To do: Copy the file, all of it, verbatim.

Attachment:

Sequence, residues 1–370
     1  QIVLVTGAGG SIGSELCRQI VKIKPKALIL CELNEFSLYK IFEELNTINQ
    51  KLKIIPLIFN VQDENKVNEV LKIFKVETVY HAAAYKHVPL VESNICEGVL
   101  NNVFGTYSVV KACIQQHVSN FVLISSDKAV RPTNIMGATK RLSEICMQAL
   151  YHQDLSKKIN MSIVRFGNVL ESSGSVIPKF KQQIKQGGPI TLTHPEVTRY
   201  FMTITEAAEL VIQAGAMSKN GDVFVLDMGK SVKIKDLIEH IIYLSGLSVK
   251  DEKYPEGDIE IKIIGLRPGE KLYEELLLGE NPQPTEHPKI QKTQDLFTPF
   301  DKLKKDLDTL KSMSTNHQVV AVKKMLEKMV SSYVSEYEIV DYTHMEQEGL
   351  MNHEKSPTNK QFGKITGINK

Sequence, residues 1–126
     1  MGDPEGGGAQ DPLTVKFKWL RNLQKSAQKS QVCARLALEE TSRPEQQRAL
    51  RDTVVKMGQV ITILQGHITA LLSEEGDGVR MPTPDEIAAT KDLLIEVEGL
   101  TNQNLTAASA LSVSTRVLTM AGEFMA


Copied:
Sequence, residues 1–370
     1  QIVLVTGAGG SIGSELCRQI VKIKPKALIL CELNEFSLYK IFEELNTINQ
    51  KLKIIPLIFN VQDENKVNEV LKIFKVETVY HAAAYKHVPL VESNICEGVL
   101  NNVFGTYSVV KACIQQHVSN FVLISSDKAV RPTNIMGATK RLSEICMQAL
   151  YHQDLSKKIN MSIVRFGNVL ESSGSVIPKF KQQIKQGGPI TLTHPEVTRY
   201  FMTITEAAEL VIQAGAMSKN GDVFVLDMGK SVKIKDLIEH IIYLSGLSVK
   251  DEKYPEGDIE IKIIGLRPGE KLYEELLLGE NPQPTEHPKI QKTQDLFTPF
   301  DKLKKDLDTL KSMSTNHQVV AVKKMLEKMV SSYVSEYEIV DYTHMEQEGL
   351  MNHEKSPTNK QFGKITGINK

Sequence, residues 1–126
     1  MGDPEGGGAQ DPLTVKFKWL RNLQKSAQKS QVCARLALEE TSRPEQQRAL
    51  RDTVVKMGQV ITILQGHITA LLSEEGDGVR MPTPDEIAAT KDLLIEVEGL
   101  TNQNLTAASA LSVSTRVLTM AGEFMA